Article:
Begin mentions that if you already have the people skills and the technical skills then you can do the architecture role that accounts for 70% of his time. However, for a line manager, which makes up the remaining 30%, you need the business sense to know how to read the markets and industry. You need to be able to explain to a team what it means to be in a pull back or growth period, let alone know how to recognize one. It would be hard to learn that without a masters in engineering management.

However, the line management duties are broken up with technical work, helping Begin stay close to the technology as he moves up the ladder. This is a big benefit for anyone that craves more technical work above his or her typical management duties.

What are the best skills you learned in your MEM?

“People skills is the biggest. The two most important classes I took during my MEM was the required leadership class and the ethical decisions making elective. They had the most ‘soft skills’ and were the ones a typical engineering curriculum will not have… I never got that soft skills along the way in my undergrad,” joked Begin.

He also mentioned that the business and financial accounting type skills were the second most important things taught during his masters. Looking at balance sheets and business budgets are very different than coding after all, and vital in a managerial role.

What were the Benefits and Drawbacks to taking your Masters Online?

“I took most of my courses online,” said Begin. “Fortunately, I was also a half hour drive from campus so I could come in if I had questions. This and the fact I did my undergrad at Colorado-Boulder were major factors in my decision.”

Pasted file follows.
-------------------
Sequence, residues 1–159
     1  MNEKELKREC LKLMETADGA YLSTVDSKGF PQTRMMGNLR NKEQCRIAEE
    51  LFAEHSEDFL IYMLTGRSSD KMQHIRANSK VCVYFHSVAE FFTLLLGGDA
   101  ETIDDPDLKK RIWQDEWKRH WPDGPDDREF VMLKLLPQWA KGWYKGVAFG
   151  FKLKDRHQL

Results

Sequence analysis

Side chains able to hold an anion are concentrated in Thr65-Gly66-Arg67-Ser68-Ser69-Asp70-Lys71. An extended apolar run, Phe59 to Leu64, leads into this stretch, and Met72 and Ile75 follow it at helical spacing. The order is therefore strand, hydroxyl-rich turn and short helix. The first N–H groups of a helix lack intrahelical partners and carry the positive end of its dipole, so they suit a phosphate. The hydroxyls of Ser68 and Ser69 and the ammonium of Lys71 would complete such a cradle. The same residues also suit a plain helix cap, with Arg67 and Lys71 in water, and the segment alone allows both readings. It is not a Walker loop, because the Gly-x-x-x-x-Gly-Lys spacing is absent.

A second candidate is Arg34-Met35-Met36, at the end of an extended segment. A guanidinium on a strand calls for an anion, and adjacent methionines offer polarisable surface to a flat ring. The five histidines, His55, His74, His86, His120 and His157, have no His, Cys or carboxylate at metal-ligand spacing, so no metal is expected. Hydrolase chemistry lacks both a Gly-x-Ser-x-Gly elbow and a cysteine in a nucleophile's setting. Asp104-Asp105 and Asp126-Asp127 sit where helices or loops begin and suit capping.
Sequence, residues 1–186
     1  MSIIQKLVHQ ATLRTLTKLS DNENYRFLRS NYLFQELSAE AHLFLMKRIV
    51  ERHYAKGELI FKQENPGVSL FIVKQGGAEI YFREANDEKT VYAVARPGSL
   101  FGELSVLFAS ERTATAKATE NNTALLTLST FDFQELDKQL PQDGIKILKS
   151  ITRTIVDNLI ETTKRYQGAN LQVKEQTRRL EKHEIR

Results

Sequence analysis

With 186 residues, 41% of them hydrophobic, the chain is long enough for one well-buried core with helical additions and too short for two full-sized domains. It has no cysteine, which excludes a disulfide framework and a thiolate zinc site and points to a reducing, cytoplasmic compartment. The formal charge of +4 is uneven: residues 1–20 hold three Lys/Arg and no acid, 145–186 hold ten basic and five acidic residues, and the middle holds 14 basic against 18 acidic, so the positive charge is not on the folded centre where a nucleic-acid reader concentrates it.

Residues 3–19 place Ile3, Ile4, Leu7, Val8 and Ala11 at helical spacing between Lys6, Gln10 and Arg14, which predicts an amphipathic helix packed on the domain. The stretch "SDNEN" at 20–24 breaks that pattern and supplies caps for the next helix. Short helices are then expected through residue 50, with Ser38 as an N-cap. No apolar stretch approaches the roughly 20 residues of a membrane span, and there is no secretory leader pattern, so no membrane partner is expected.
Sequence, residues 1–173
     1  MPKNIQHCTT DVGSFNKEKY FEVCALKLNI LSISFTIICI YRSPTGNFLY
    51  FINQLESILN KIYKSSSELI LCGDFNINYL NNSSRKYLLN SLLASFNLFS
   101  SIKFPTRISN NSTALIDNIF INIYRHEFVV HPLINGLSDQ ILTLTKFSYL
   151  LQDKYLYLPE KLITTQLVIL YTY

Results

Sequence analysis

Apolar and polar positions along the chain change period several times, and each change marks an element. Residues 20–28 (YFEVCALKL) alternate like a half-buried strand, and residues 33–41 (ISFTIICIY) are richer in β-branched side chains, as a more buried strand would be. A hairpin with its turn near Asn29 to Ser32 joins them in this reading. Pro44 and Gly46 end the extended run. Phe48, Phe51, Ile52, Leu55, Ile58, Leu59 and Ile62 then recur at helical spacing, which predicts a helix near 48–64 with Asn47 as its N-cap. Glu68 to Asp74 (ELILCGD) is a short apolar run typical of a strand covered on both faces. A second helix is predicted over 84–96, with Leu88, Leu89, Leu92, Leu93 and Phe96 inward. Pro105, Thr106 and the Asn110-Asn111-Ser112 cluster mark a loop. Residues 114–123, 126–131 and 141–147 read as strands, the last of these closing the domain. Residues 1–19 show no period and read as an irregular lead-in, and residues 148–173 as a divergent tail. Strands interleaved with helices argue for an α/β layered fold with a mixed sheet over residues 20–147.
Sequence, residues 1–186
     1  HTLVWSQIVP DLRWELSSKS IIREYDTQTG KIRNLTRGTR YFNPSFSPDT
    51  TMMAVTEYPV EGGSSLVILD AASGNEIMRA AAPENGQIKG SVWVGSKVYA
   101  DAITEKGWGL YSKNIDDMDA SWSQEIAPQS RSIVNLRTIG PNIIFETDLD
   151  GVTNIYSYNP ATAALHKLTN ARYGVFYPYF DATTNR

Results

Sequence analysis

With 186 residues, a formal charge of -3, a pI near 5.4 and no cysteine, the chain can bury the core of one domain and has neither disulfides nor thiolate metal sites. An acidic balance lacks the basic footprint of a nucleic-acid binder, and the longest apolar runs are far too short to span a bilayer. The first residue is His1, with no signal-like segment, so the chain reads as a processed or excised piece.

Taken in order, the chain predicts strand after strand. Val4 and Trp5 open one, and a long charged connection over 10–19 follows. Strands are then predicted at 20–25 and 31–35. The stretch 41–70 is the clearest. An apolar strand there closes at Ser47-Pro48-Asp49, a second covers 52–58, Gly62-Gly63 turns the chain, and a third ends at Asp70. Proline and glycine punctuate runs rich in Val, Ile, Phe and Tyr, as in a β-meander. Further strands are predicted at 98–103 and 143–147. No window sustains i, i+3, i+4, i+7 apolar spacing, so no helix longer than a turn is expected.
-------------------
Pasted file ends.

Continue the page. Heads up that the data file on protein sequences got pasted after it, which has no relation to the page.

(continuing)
Begin adds, “The company I was working at before, needed long distance travel overseas so I needed to ensure I could still finish the class work. I didn’t get to go overseas but it came in handy anyway when my wife and I had our first child. I encourage others to sign up as a remote student as well.”

However, working online isn’t always easy. Begin explains that the hardest part of working online was working in groups that included members from across the country. This can become a scheduling nightmare, with work and time zones butting heads. However, he adds that this is not that different from the normal business environment and should therefore be good practice. So while it wouldn’t happen if everyone were on campus, learning this skill early on does have its merits.

Do you like your job?

“Line management is one of my favourite things to do,” expressed Begin. “Many of the people under me are quite young and they ask me questions I haven’t thought of in 10 years or so. I will want to go up the ladder again eventually but I think I have a lot to learn in this role for the time being. I have been a line manager for a little over one years now.”

Moving to management has led Begin to build a more manageable lifestyle. “There is more travel in my life these days as I work at a remote site. There are also more meetings but I work on my own schedule. Additionally, I don’t miss working in a lab coding until 3 am.”